People who have any of the recalled products should throw them away, and anyone who shows symptoms and may have consumed one of the affected products should seek medical attention immediately, the FDA has said. The US Centers for Disease Control and Prevention (CDC) said in an update yesterday that botulinum toxin was identified in leftover chili sauce from an unlabeled sealable bag collected from a patient’s refrigerator. Jul 20 CIDRAP News story “FDA warns of possible link between botulism and chili sauce” The US Department of Agriculture (USDA) said in a statement 2 days ago that the recall was expanded after federal officials found that processing malfunctions at the plant existed longer than initially thought. See also: The USDA said that all of the affected products that contain meat and are under its inspection services bear the establishment number “EST. 195” inside the USDA inspection seal. The recall now includes chili, beef stew, hash, corned beef hash, barbecue pork, barbecue beef, chipped beef, Brunswick stew, sausage gravy, and four types of Natural Balance dog food. More than 80 products are included in the expanded recall, which affects at least 24 different brands. A full list of recalled products can be found on the company’s Web site, www.castleberrys.com. Jul 23, 2007 (CIDRAP News) – The company that recalled its chili sauce last week after four people got sick with suspected botulism poisoning dramatically expanded the recall over the weekend to include products that contain meat, including one dog food brand. Steve Mavity, senior vice president of technical services and quality assurance for Castleberry’s, based in Augusta, Ga., said in a press release 2 days ago that the company believes it has isolated the botulism problem to underprocessing that occurred on one line of the production facility. Jul 21 USDA press release No new cases have been reported to the CDC besides the four suspected cases that were initially announced by the US Food and Drug Administration (FDA) on Jul 19. They include two children from Texas and an Indiana couple. The CDC said the onset dates range from Jun 29 to Jul 9, 2007. Botulinum toxin is a nerve poison produced by Clostridium botulinum, a bacterium commonly found in soil. Botulism symptoms include double or blurred vision, droopy eyelids, slurred speech, difficulty swallowing, dry mouth, and muscle weakness, according to the CDC. If untreated, the illness can progress to paralysis of the limbs, trunk, and breathing muscles. Only one product is implicated in the cases of the people who were sickened: Castleberry’s hot dog chili sauce. Few details were available about the patients; however, Castleberry’s said the FDA told them two of the cases had been confirmed. Jul 22 CDC press releasehttp://www.cdc.gov/botulism/botulism.htm CIDRAP overview of botulism “We have shut down this line altogether and are recalling all products produced on it,” Mavity said in the press release.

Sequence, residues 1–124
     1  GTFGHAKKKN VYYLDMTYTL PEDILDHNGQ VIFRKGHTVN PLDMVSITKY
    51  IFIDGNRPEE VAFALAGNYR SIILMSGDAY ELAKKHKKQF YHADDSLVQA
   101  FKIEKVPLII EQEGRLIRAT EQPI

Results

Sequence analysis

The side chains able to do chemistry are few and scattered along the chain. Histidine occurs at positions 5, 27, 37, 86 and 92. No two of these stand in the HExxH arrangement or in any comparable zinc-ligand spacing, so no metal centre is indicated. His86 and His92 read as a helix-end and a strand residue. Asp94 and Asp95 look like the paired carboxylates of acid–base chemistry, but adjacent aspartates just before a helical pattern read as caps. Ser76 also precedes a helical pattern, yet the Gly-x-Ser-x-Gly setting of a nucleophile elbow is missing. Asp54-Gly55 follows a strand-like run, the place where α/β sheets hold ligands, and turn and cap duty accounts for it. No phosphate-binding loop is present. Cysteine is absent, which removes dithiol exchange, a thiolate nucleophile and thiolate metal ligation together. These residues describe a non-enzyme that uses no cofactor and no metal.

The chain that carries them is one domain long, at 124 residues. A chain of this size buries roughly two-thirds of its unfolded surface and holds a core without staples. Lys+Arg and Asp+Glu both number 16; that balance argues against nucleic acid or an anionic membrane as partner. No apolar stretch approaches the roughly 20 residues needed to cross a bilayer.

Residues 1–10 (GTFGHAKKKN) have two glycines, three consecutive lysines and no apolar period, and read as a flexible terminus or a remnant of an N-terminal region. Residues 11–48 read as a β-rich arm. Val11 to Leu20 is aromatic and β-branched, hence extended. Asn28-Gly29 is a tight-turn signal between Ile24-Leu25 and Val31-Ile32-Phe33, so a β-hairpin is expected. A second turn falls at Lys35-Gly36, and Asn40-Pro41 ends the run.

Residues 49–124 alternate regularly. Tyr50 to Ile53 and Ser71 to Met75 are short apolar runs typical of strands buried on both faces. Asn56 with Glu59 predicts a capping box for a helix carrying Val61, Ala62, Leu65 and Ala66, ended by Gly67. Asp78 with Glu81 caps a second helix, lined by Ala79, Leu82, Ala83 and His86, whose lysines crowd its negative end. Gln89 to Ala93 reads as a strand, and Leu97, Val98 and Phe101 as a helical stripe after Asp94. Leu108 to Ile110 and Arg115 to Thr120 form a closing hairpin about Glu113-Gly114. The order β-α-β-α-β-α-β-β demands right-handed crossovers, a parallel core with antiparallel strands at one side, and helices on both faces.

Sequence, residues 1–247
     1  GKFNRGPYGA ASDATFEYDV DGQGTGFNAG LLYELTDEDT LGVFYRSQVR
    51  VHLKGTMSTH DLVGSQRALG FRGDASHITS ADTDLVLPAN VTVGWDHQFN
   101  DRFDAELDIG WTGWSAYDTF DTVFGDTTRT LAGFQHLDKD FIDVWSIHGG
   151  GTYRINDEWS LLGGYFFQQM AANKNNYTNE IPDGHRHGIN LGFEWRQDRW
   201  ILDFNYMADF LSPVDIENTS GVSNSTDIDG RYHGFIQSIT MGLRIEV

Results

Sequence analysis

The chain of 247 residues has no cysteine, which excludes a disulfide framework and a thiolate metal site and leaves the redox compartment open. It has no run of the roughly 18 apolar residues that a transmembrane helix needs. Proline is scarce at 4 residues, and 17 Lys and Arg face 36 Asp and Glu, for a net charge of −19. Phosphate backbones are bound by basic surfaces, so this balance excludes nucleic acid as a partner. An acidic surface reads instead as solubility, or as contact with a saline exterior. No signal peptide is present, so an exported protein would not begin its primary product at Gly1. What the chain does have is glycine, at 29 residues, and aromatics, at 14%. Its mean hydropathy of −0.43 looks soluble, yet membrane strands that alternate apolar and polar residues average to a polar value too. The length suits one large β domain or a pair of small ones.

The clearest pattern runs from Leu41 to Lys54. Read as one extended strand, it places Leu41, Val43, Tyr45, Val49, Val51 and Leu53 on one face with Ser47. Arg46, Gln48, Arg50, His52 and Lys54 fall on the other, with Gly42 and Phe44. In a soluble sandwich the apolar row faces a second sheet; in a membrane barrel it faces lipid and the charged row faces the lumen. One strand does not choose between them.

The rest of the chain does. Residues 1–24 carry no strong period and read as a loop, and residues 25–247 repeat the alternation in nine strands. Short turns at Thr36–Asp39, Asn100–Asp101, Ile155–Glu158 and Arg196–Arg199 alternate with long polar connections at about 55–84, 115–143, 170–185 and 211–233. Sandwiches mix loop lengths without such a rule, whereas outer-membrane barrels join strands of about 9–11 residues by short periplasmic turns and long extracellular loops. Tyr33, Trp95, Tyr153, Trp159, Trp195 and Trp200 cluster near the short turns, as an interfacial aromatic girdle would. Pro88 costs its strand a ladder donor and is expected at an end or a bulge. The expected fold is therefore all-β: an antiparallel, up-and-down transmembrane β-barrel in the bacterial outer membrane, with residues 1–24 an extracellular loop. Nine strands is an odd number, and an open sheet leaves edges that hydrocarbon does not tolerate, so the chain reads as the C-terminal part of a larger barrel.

Ronald Hursong, of Brookville, was born on November 10, 1941 in Cincinnati, OH, a son to Elrow and Louis Schroll Hursong. He served his country with the United States Air Force. Ronald later married Bonnie Duncan on September 26, 1980. He worked for Avon Products for 31 years as an Ace Mechanic. Ronald enjoyed making custom knives and spending evenings down at the Brookville Conservation Club. On September 3, 2019, at the age of 77, Ronald passed away at Our Hospice of South Central Indiana in Columbus.Those surviving who will cherish Ronald’s memory include his wife, Bonnie; two sons, John Alan (Michelle) Hursong of Anderson, OH and Brian King Hursong of Hammersville, OH; one stepdaughter, Jacqueline Ginny (Scott) Harrell of Steamboat Springs, CO; one stepson, Thomas Jason (Jayna) Smith of Fairfield, OH; 12 grandchildren; three brothers, Jerry, Mike, and Jeff Hursong all of Lebanon, OH; two sisters, Marjorie Cluff of KY and Susan Hursong of Mason, OH; and several nieces and nephews.Cremation was chosen by the family. Memorial contributions can be directed to Our Hospice of South Central Indiana, 2626 17th Street, Columbus, IN 47201. To sign the online guestbook or to leave personal memories, please visit www.cookrosenberger.com. The staff of Cook Rosenberger Funeral Home is honored to care for the family of Ronald Hursong.